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Clinical Investigations: PULMONARY EMBOLISM |

Anticoagulation in Hospitalized Patients With Renal Insufficiency*: A Comparison of Bleeding Rates With Unfractionated Heparin vs Enoxaparin

Natalya Thorevska; Yaw Amoateng-Adjepong; Ramin Sabahi; Irina Schiopescu; Anan Salloum; Visvanathan Muralidharan; Constantine A. Manthous
Author and Funding Information

*From the Department of Internal Medicine, Bridgeport Hospital, Bridgeport, CT.

Correspondence to: Constantine A. Manthous, MD, FCCP, Bridgeport Hospital, 267 Grant St, Bridgeport, CT 06610; e-mail: pcmant@bpthosp.org



Chest. 2004;125(3):856-863. doi:10.1378/chest.125.3.856
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Objectives: To compare the rates of bleeding complications in patients with renal insufficiency who receive anticoagulation therapy with the full therapeutic dose, unfractionated heparin (UFH), or with twice-daily enoxaparin.

Setting: A 325-bed community teaching hospital.

Study type: Retrospective cohort study.

Methods: The medical records of all patients with renal insufficiency who received anticoagulation therapy with UFH or enoxaparin during a 13-month period were reviewed for the occurrence of major and minor bleeding. Incidence rates were computed per 1,000-person days of anticoagulation therapy. Comparisons were made across categories of renal insufficiency and other potential confounders.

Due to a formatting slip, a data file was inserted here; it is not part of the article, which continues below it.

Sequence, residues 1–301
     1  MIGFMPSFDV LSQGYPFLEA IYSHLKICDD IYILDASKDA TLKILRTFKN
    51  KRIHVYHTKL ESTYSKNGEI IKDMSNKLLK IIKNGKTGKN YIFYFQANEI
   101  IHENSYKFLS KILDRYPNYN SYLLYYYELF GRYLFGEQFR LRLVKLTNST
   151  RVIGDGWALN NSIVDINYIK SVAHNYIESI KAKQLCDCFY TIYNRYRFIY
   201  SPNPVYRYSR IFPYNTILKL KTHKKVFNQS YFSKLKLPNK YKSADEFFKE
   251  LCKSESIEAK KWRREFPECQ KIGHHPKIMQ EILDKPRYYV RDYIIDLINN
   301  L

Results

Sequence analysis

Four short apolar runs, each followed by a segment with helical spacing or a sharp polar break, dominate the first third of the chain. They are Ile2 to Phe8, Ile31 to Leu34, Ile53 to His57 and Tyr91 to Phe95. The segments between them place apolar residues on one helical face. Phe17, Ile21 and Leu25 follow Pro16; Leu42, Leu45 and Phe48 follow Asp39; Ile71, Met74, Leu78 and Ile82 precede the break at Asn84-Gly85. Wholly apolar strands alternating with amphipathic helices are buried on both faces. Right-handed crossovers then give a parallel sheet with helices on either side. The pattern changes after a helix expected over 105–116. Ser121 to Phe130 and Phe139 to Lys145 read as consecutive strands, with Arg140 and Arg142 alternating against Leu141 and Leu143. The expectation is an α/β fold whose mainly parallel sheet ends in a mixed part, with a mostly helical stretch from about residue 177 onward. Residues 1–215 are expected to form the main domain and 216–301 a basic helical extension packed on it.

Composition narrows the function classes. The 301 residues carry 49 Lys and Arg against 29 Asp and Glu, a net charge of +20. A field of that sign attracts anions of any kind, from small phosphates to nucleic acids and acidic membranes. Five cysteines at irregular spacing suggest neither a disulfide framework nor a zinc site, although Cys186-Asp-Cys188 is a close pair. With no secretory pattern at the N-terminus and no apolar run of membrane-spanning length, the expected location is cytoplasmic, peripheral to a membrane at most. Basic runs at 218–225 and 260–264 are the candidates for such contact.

Results: A total of 620 patients with estimated glomerular filtration rates of < 60 mL/min were studied. Of these, 331 received anticoagulation therapy with UFH, 250 with enoxaparin, and 39 with both (not simultaneously). The major bleeding rates were 26.3 per 1,000 person-days for UFH and 20.7 per 1,000 person-days for enoxaparin. Major bleeding complications were similarly increased for both UFH and enoxaparin therapy across categories of worsening renal insufficiency. Patients with severe renal insufficiency while receiving enoxaparin had a 154% excess incidence of minor bleeding compared to those receiving UFH (incidence ratio, 2.54; 95% confidence interval, 1.01 to 6.36). Worsening renal insufficiency, female gender, and prolonged duration of anticoagulation therapy emerged as the main determinants for bleeding complications.

Conclusion: Both the twice-daily enoxaparin and UFH regimens are associated with comparable increases in major bleeding complications in patients with renal dysfunction receiving full-dose anticoagulation therapy. Both agents should be used with caution in anticoagulation therapy for patients with renal insufficiency.

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